Microsoft (MSFT.O) emerged on Monday as the big winner of the upheaval at OpenAI, hiring ousted CEO Sam Altman and other key staff of the startup to avert a potential flight to rivals and help deepen its lead in the artificial intelligence race.
The turmoil at OpenAI since Friday had raised fears about the fallout for Microsoft, which has pumped in billions of dollars and uses the pioneer’s technology for most of its AI offerings such as its Copilot AI assistant.
The move ensured “the golden child of AI” will stay with Microsoft, analysts said, as the company competes with Alphabet (GOOGL.O)-owned Google to dominate the nascent industry.
Microsoft’s shares rose as much as 2% to a record high before paring some of the gains. The company was on track to add nearly $30 billion to its market value at current levels. That was close to the valuation OpenAI commanded in its last fundraise.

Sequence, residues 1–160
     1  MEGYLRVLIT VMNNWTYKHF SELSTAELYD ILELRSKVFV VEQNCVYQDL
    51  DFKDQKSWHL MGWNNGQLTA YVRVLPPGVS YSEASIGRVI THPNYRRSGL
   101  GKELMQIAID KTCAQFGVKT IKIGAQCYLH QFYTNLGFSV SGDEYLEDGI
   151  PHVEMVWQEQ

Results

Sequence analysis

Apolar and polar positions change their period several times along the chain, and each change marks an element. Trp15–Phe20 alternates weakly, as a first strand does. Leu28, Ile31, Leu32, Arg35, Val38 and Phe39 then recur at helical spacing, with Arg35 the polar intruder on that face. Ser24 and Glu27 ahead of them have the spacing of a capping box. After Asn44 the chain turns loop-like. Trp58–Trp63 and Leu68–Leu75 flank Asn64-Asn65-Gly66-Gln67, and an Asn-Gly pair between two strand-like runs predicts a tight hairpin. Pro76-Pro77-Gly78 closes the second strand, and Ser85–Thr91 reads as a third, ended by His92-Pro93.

Altman will lead a new research team at the software giant following his surprise ouster that shocked the tech industry. He will be joined by Greg Brockman, another OpenAI cofounder, as well as other researchers including Szymon Sidor.
“Microsoft has been able to turn a crisis into an opportunity with the hiring of Sam Altman and Greg Brockman,” said Gil Luria, senior software analyst at D.A. Davidson.
“Assuming they will be able to hire many more from the OpenAI team, they will have taken over the key development path for artificial intelligence.”
About 500 employees of the startup also threatened to leave unless the board stepped down and reinstated Altman, as well as Brockman, according to a letter reviewed by Reuters.
“Your actions have made it obvious that you are incapable of overseeing OpenAI,” the employees said on Monday in the letter, adding, “Microsoft has assured us there are positions for all OpenAI employees at this new subsidiary should we choose to join.”